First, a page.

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I adore JQ. Her books have been auto buys for a while, but I have to say I was disappointed in this book. JQ seems to have a formula that she follows and then plugs the characters around. I would check my % read and think well there should be the action here, they should be tumbling into bed here, they should be engaging in witty dialogue here, and yep here they realize they have fallen in love and sure enough.
The Bridgertons are beginning to remind me of Janet Evanovich's Stephanie Plum books: Morelli or Ranger?, exploding car, feeding Rex, grandma pulling out a gun...it was fun for a while but after the first 10 it just gets a bit rote if the characters are all going to be used to being the most intelligent in the room, have the same hand gestures, similar sparkling banter, similar looks, and lord have mercy they even are similar in bed.
JQ is an intelligent author, I have faith she can continue to craft gems in the future.
As far as this book, one of my favorite scenes was Juan...can he have his own book?
I pick up each new Julia Quinn expecting to feel the magic that I did when I first read her books more than a decade ago. Instead, she has become increasingly formulaic to the point where I can predict "this is where the first kiss happens" and "this is where they fool around" and "oops, I have X pages left, so they must have sex about ... yup here we are" and "we're at an epilogue, which means BABIES."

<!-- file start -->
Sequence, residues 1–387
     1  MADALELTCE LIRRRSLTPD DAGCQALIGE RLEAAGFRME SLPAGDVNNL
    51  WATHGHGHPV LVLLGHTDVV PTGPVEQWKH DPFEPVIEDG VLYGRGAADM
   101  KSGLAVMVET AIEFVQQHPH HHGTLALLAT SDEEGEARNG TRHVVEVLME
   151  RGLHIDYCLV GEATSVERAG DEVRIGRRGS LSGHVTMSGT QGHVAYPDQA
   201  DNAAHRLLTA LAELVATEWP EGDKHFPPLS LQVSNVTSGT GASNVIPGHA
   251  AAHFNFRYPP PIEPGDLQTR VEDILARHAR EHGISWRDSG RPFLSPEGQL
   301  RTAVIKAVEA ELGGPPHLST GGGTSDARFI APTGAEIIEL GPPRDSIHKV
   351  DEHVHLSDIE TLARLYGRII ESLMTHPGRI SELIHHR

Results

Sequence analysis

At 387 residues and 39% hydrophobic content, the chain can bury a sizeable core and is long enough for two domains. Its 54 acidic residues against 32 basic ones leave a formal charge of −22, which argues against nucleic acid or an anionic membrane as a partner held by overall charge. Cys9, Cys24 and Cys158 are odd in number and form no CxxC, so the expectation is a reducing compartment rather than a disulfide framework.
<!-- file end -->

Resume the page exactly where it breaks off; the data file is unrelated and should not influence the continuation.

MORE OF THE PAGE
I feel like my tastes are moving on from Quinn. I can still recall in great detail the earlier Bridgerton books. These? Not really. I have zero memory of Billie's story, and I read it not that long ago. They are decent reads, but they don't stick with me. I wish Quinn would take the risks that she did in her earlier books. They were far more memorable.
I liked Poppy and Andrew, but I wound up skimming through most of their banter because it just got overly repetitive. They made great friends, but I just wasn't feeling the sexual chemistry for most of the book. How consent was utilized was excellent, A+ there. The ending was funny and great, but then the epilogue was so boringly predictable that I nearly threw my Kindle.
So this was an OK read. I'd give it more 2.5 stars. I liked most of it, but not all. But most of all, I wish for the magic of a Quinn book again. To get that, I'm going to have to go back to the original Bridgerton series.
I really loved this book right up until the end (potential spoiler ahead, read on at your own risk).
I felt like we were building to something about ruination and then... Nothing really happened? This is the third book in the Rokesbys series by Julia Quinn and serves as a prequel series to the much beloved Bridgertons series. This book follows the second son (or maybe the third) of the Rokesbys who is essentially a pirate and Poppy Bridgerton, who stumbles upon the smugglers cave Andrew uses and finds herself kidnapped and captive on Andrew's ship. Obviously a big risk of this plot/trope is having the burgeoning romance feel like it's due to Stockholm Syndrome and it definitely did not feel that way. What I would have preferred though is that we have more not kidnapped time with Andrew and Poppy at the end of the book. But we didn't get that, so... While this book was funny and witty with JQ's trademark style, it didn't have all that I was hoping for.